Archive for ‘Invincibelle Spirit’ smooth hydrangea

Maine in Early Fall

Posted in Fall, Maine, native plants, Shade Gardening with tags , , , , , , , , , on October 21, 2013 by Carolyn @ Carolyns Shade Gardens

Carolyn’s Shade Gardens is a retail nursery located in Bryn Mawr, PA, specializing in showy, colorful, and unusual plants for shade.  The only plants that we ship are snowdrops and miniature hostas.  For catalogues and announcements of events, please send your full name, location, and phone number (for back up use only) to carolyn@carolynsshadegardens.com.  Click here to get to the home page of our website for catalogues and information about our nursery and to subscribe to our blog.

DSCN2774These photos look so much more beautiful on my iPad than on my lower resolution laptop that I hope you can all view them on a device with high screen resolution.

This blog post is dedicated to the 139 people who have voted for Carolyn’s Shade Gardens so far.  Thank you so much.

Before I get to the rest of the photos, I am asking for your help.  My husband and I are making long range plans to ensure the sustainability of Carolyn’s Shade Gardens into its third decade.  As we get older and are less able to do hard physical labor, we need employees to help us with the core business and we need to expand into less labor intensive operations.  To enable this to happen, we have applied for a Mission Main Street Grant.  The application process requires that we get 250 votes from our customers.  We need you to vote for us as described below.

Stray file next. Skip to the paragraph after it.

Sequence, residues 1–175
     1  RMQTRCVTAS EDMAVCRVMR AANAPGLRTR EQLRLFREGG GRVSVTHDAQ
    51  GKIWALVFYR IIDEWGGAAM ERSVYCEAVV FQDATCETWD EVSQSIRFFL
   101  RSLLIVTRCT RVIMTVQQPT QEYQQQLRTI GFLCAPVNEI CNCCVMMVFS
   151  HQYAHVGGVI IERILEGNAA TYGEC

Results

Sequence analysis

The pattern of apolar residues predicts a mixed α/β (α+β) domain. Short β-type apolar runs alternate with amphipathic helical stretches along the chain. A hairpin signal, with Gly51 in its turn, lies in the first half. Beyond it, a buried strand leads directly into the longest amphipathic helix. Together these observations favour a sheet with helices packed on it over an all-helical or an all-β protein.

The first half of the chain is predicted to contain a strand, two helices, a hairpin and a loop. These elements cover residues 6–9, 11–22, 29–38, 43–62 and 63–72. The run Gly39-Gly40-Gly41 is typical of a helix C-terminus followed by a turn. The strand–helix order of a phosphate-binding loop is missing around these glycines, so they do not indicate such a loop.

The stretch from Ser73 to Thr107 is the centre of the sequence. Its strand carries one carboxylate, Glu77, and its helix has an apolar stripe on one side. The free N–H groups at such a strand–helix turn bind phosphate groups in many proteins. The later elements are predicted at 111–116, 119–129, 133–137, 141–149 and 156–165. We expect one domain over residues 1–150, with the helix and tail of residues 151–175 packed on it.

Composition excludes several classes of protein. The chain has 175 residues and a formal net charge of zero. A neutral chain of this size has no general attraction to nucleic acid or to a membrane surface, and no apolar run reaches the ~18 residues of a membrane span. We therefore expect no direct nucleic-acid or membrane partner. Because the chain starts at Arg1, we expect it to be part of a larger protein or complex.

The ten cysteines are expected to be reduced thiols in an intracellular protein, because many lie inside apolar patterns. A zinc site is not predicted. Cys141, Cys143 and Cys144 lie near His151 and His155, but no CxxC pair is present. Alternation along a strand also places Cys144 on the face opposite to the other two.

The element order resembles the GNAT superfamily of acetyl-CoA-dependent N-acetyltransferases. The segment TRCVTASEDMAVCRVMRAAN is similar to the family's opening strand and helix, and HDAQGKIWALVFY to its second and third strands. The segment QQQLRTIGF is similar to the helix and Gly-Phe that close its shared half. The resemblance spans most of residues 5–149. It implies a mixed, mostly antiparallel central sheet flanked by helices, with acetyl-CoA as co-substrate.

Votes are being authenticated through Facebook Connect so to vote you must be a Facebook user and you must log into your Facebook account.  You will receive an automatic message generated by Facebook stating that the grantor will receive your public profile and friends list.  This is for the purpose of vote authentication only, they will not store or share your information as it says below the Vote Now button.  To vote for Carolyn’s Shade Gardens, click here and click the Vote Now button.  Whether you are a local customer, someone who has ordered snowdrops or miniature hostas mail order, a Facebook follower, or one of my far flung blog readers, I hope that you will think that it is worthwhile supporting our sustainability efforts and vote now.

[As of Sunday, October 27, at 4:30 pm, we have 139 votes and really need 111 more!]

Now for more photos of the beautiful coast of Maine:

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I have gotten so much positive feedback from my customers saying that they loved my blog posts from Maine.  However, looking back I realized that all my Maine posts this summer were about cultivated plants and gardens.  Although the gardens are gorgeous, the most beautiful parts of Maine, and the reason you should visit Maine, are the wild areas.  This post contains photos of the Maine coast taken in mid-September, the nicest time to visit the state (I should work for the tourist bureau!).  If readers want more, I can do a subsequent post with photos from mid-October.

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I thought I would also use this post to show the results, one year later, of the changes that I made to my family’s garden in Maine as described in my July 2012 post Landscape Problem Solved.  In that post, I explained how I removed an unwanted perennial garden and replaced it with native smooth hydrangeas, H. arborescens, in pink and white.  Here are the results one year later:

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Hydrangea arborescens 'Incrediball' & 'Invincible Spirit'The white-flowered cultivar is ‘Incrediball’ and the pink one is ‘Invincible Spirit’.